A consortium of Chinese state-owned companies has offered to set up a $15 billion oil refinery complex that may provide some relief to Pakistan, which is grappling with the challenge of vast outflows of foreign investment in recent years.
The China Petroleum Pipeline Engineering Company LTD (CCP) and China Zhen Hua Import and Export Corporation have shown interest to invest $15 billion in an oil refinery complex, Board of Investment (BOI) Secretary Fareena Mazhar told local media on Tuesday.
China Petroleum Pipeline Engineering Company Limited is a subsidiary of the China National Petroleum Corporation and the primary builder of pipelines in China.
The company has planned to set up the refinery in four years at a site, which is not located at any of the nine prioritised Special Economic Zones (SEZs) of the China-Pakistan Economic Corridor (CPEC). But the secretary said that any company can seek the status of SEZ under the new rules and would be entitled to the same taxes and duties concessions available to SEZs. However, the company-specific SEZ would not be entitled to the government-funded provision of utility services.
China is the third country that has showed interest in setting up an oil refinery in Pakistan after the United Arab Emirates and Saudi Arabia. The first two proposals have so far remained on paper.
Mazhar said the BOI would ensure fast-track processing of the Chinese offer and has already requested the Petroleum Division to review the business preposition and respond to it this week.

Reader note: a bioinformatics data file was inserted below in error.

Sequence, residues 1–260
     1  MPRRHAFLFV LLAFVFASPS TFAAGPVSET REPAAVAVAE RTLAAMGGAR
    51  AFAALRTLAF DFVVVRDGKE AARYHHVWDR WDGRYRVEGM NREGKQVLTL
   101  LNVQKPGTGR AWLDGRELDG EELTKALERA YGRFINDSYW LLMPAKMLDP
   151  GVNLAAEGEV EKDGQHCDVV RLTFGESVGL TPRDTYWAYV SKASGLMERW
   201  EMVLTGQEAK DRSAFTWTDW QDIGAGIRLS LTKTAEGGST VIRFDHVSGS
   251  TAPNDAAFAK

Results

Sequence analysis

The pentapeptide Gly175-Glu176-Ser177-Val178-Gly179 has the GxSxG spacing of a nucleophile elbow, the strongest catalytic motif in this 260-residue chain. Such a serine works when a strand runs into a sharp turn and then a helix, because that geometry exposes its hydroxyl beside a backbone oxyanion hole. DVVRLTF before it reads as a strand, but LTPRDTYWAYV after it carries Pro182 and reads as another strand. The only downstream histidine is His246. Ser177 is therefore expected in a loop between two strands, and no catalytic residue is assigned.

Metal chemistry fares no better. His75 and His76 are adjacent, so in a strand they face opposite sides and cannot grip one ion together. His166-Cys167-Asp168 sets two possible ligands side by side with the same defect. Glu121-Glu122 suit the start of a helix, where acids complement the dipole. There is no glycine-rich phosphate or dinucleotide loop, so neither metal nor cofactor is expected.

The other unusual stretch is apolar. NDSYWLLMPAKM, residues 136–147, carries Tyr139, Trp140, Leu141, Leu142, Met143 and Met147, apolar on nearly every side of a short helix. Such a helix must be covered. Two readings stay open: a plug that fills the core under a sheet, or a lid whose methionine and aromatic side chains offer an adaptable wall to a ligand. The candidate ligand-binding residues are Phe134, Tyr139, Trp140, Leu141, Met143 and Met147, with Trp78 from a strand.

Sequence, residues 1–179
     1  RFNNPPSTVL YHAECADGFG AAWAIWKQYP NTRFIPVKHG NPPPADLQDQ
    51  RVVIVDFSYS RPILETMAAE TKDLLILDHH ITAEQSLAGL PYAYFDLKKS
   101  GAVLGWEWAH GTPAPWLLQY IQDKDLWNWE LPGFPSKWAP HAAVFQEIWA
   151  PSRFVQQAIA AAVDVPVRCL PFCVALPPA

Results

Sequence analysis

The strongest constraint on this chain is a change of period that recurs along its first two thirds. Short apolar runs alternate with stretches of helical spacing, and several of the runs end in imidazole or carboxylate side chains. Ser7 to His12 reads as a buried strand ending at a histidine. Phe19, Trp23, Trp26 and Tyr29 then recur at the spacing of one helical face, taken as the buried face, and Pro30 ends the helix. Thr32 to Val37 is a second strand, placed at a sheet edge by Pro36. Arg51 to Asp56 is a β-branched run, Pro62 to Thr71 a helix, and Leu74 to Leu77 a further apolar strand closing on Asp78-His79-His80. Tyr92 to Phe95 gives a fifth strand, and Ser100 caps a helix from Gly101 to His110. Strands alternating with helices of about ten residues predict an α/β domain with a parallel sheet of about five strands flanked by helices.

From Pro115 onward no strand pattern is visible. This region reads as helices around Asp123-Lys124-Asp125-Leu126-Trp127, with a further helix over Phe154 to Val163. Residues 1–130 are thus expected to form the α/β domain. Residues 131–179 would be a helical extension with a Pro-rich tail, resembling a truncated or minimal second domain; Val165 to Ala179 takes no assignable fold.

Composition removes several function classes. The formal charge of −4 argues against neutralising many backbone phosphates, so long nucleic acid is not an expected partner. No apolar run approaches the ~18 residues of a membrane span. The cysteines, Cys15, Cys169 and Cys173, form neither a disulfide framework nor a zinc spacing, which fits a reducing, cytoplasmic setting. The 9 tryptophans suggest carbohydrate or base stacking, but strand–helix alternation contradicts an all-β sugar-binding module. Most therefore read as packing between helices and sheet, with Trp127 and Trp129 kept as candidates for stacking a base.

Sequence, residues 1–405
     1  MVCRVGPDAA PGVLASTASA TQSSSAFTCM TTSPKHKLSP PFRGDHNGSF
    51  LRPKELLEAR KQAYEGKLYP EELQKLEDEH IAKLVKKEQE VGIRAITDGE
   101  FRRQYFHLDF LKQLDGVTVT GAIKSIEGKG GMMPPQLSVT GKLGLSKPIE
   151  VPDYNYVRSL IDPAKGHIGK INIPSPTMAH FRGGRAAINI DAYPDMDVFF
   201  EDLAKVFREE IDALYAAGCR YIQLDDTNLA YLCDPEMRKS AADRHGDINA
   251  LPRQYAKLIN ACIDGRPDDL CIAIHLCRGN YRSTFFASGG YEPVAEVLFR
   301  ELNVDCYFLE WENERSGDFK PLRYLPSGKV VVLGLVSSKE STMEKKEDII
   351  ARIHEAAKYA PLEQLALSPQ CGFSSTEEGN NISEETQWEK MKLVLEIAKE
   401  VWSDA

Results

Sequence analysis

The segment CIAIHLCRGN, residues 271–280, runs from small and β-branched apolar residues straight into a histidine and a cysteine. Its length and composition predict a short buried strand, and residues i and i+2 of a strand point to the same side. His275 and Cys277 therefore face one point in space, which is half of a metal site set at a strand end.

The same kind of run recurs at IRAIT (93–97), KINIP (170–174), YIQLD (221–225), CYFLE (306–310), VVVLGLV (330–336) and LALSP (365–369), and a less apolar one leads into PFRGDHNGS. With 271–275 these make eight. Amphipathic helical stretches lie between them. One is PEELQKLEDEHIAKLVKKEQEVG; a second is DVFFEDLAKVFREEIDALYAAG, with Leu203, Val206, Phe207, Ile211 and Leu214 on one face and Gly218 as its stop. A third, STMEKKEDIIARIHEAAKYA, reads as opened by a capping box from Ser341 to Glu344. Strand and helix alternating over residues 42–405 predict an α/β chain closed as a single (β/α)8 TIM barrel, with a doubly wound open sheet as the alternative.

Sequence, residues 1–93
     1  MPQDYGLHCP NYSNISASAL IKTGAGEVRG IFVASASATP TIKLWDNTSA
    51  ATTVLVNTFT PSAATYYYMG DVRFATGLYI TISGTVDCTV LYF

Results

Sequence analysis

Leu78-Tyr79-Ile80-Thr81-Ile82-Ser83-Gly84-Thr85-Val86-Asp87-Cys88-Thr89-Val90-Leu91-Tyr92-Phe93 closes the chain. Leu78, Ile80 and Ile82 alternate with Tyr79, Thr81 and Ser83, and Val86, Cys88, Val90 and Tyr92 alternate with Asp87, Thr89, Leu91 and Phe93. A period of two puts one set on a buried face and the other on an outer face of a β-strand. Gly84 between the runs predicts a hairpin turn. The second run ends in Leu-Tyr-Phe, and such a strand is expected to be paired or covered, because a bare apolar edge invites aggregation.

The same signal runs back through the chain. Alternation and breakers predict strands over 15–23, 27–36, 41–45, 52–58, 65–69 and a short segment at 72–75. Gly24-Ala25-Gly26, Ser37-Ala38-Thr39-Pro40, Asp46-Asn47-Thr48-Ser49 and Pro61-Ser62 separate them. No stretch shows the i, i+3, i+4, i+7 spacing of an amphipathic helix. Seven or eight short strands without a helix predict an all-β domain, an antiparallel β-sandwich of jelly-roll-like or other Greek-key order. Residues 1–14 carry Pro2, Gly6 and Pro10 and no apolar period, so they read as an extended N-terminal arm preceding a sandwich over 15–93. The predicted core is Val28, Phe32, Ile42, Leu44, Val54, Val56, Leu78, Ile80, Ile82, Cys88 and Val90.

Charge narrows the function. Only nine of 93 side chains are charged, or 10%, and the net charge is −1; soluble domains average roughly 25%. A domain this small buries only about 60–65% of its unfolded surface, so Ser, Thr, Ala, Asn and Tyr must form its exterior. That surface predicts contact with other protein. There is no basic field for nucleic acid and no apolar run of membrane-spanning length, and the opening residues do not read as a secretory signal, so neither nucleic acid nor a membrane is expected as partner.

Initially, there was an expectation that CPEC would supplement the existing foreign direct investment, but the numbers speak otherwise. After China started making investments in Pakistan, the US was the first country to withdraw or reduce its investment in Pakistan, said Mazhar.
From 2002 to 2012, Chinese investment in Pakistan amounted to $814 million compared to $5.7 billion in US investment during this period, said the secretary.
Between 2013 to 2021, the Chinese investment increased six-and-a-half times to $6.1 billion, but the BOI secretary said the US investment dropped three-fourth to $1.5 billion. To a question about the government’s less focus on bringing the foreign direct investment, she replied that without increasing both the foreign direct investment (FDI) and exports, the country could not overcome its external sector problems.
After remaining in surplus for a few months, Pakistan’s current account deficit has started widening as the economy showed positive growth. The official statistics showed that from 2016 through June 2021, foreign investors withdrew $2 billion. The highest amount of $572 million or one-fourth of the total outflows was withdrawn in 2020.
Mazhar said that the Chinese companies had taken significant investment withdrawal decisions. The Covid-19 outbreak caused huge losses, and the companies facing capital shortages withdrew investment from Pakistan as part of their business strategies, she added.
“We have talked with the companies and are hopeful that the situation would reverse in three months, the BOI secretary said.
The BOI has also granted permission to 148 companies for opening branch and liaison offices in 2019-20 to 382 in the last fiscal year, showing an increase of 158 per cent. The BOI has facilitated the local and foreign investors by resolving their grievances with the federal and provincial departments.
The secretary said that the China International Investment Promotion joint business portal had been established where the Chinese government recommended companies share their business proposals with Pakistani authorities. So far, 13 Chinese companies have shown interest. An investor relationship management system is also set up for tracking the issues being faced by foreign investors.